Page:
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"Low maintenance" - that's the first thing that comes to our mind when we hear the word 'cactus'. Well, there is no doubt about cactus being a low maintenance plant. Still, some gardeners can't even keep these low maintenance succulents alive.
That's because they don't act at the right time.
Your cactus will show signs such as leaves and segments falling, discoloring, drying, turning soft and mushy.
Be on the lookout for such signs. That's how you know there is something wrong with your cactus - and then comes the part where you save it!
When it comes to watering, things could go wrong either because of overwatering or underwatering. Let's discuss both of them.
Most of us know that cactus requires infrequent watering but what we don't know is that too little watering can also be problematic.
Shrunken, wrinkled, or wilting parts of the cactus indicate a lack of watering.
That can easily be remedied by watering the plant thoroughly. Allow the excess water to drain from the bottom of the pot naturally.
Root rot is the most common culprit behind dying cactus.
We tend to think that more is always good which is not justified.
To check if the plant is suffering from root rot gently lift off the plant out from the pot and check the roots. Brown and mushy roots indicate root rot while white and fleshy roots are signs that root is healthy.
To get rid of rotten roots, using a sharp knife, cut back the damaged part of roots.
A cactus shows signs whether you are exposing it to too much sunlight or too little. By reading these signs, you can take crucial steps at the right time to save your cacti.
Cactus develops a condition called etiolation in a lack of sunlight.
The signs to watch for are things like becoming overly tall, skinny, and pale in color.
The rounded tops become pointy, and the stem of column-shaped stems turn stringy which all points in one direction - lack of sunlight.
So, find a spot that receives more sunlight such as a Southern or Western facing window and re-locate the cactus there.
Just like underexposure, overexposure to direct sun for prolonged periods is also harmful. Keep a close look on the part of the cactus which is directly exposed to the sun.
If the part is turning yellowish or brownish, this indicates that the cactus has been exposed to the sun for too long.
Relocate it immediately to a spot with more shade.
Without a doubt, insects can harm a plant to the extent that they kill it. Cactus is no exception to this, and common pests such as spider mites and mealybugs can cause irreparable damage to them.
Get rid of havoc causing insects by applying rubbing alcohol using a cotton swab on the infected area. You can also use miticide to get rid of spider mites.
The parts of the cactus that turn brown and black indicate that it is rotten.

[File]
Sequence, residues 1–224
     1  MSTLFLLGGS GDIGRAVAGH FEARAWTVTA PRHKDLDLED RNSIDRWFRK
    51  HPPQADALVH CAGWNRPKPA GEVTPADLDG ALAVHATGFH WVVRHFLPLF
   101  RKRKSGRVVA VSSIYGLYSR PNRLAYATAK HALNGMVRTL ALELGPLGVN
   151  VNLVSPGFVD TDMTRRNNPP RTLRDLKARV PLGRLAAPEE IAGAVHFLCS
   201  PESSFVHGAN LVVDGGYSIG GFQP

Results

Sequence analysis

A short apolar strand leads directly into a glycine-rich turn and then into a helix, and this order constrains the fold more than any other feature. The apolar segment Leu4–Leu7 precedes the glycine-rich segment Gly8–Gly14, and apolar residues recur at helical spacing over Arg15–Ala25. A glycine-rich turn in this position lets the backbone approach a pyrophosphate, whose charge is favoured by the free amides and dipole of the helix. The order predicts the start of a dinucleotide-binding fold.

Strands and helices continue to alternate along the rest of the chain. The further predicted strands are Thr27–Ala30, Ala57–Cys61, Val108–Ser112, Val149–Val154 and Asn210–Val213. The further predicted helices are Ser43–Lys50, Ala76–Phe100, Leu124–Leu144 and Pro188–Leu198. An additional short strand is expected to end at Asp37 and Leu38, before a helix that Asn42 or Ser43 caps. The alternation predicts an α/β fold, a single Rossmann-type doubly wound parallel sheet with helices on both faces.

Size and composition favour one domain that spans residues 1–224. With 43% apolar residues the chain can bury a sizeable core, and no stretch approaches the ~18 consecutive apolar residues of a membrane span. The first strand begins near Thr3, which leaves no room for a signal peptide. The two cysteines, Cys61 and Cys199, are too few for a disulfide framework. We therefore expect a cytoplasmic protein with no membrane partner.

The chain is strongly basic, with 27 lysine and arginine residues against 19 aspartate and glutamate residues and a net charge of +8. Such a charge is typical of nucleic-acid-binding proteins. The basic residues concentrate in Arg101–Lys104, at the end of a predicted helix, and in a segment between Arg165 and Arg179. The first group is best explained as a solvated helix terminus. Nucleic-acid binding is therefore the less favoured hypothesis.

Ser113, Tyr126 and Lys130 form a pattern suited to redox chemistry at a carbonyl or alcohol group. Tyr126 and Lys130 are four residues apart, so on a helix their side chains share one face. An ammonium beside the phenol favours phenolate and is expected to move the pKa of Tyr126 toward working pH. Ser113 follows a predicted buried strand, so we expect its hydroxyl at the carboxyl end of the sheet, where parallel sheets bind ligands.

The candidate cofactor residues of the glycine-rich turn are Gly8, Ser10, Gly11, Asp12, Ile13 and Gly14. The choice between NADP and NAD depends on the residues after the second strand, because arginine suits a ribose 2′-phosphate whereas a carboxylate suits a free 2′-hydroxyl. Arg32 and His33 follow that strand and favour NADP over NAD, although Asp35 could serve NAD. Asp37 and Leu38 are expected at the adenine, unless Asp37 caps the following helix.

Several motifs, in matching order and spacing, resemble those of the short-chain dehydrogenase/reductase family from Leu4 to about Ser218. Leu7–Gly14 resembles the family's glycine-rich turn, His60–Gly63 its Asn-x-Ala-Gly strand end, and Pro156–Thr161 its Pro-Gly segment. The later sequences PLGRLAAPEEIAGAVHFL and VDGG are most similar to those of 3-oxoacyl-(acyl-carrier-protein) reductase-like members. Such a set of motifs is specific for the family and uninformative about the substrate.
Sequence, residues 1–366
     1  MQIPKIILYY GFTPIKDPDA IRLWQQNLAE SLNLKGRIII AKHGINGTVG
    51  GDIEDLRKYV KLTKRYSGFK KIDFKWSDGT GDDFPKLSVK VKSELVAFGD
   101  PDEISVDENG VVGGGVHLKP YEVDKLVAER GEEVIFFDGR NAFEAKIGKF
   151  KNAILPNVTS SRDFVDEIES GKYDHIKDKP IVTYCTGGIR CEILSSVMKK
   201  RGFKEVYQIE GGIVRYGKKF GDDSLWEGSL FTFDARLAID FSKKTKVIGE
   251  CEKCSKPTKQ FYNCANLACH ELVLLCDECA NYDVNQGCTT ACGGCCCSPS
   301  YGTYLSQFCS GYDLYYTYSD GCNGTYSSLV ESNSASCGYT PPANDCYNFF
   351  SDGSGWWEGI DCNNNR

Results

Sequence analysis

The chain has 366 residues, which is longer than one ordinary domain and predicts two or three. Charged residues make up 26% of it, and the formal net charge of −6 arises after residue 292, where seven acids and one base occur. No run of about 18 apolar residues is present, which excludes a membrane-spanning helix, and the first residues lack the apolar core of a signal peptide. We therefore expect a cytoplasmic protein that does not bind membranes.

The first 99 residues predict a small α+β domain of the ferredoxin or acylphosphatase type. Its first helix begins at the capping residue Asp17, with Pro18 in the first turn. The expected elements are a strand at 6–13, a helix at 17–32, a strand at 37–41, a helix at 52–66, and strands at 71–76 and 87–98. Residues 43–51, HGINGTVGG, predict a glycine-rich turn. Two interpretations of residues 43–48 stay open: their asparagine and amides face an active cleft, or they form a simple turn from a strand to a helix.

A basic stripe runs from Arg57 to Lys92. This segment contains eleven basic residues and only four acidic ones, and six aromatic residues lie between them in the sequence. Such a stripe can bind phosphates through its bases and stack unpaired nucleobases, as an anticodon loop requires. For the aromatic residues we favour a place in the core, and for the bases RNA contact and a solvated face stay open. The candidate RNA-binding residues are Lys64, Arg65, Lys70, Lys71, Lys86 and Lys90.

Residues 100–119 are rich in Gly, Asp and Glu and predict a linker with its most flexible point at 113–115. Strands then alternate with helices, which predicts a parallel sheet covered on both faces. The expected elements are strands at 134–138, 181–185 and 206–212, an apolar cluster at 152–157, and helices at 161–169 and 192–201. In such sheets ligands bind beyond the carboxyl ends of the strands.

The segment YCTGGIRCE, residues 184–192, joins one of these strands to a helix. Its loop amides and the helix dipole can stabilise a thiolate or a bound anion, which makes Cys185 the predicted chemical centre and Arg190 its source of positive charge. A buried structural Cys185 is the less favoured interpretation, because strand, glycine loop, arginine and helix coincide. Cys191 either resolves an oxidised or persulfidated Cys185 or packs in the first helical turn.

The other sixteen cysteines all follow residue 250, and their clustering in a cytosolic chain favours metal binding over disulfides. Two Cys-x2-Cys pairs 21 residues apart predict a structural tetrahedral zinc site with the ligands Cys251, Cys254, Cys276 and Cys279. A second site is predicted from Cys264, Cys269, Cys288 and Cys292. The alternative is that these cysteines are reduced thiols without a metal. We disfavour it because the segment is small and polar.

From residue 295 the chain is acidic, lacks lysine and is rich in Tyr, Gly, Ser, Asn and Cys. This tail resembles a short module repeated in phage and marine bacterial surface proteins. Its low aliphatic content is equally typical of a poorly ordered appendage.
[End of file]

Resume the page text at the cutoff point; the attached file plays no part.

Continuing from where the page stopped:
Cut back any such parts.
You can use a sharp knife or any other sharp tool for cutting away such parts. The leading cause behind rotting is overwatering and the resulting fungus development.
Cover up the newly exposed part by applying rooting hormone or fungicide on those parts.
Keep the cactus undisturbed in a shady spot for the next ten days.
Re-pot the cactus in a well-draining potting mix (one part peat, two parts garden soil, and two parts coarse sand).
NOTE: Wear nitrile gloves for protection against the prickly thorns of cactus. Leather gloves will also work but be careful with them.
With time you'll notice that dust and dirt start to accumulate on the surface of the cacti.
This layer of dust and dirt prevents the sunlight from reaching the surface.
As plants require sunlight for photosynthesis, it may not be able to photosynthesize properly. So to prevent this wipe down the cactus with a soaked sponge and a drop of liquid soap.
Alternatively, you can place the cactus in the sink under the faucet and rinse it off.
What other better way to make the plant healthy and stronger than a boost of nutrients?
Just like other plants, cacti will also show enhanced resistance to diseases and other problems when it is supplemented with proper nutrition. As the nutrients deplete over time in potted plants, they require more fertilization compared to outdoor plants.
Go for a well balanced (10-10-10) fertilizer diluted one fourth to its actual strength.
You can also use a fertilizer with different NPK ratios such as 10-30-20 or any other but make sure that nitrogen content remains low in all of them.
Stunted growth and flabby texture are the adverse effects of using too much nitrogen.
In the growing season fertilize the cacti once a week with the fertilizing solution. In the fall, the cacti turn somewhat dormant and require less fertilizing and watering.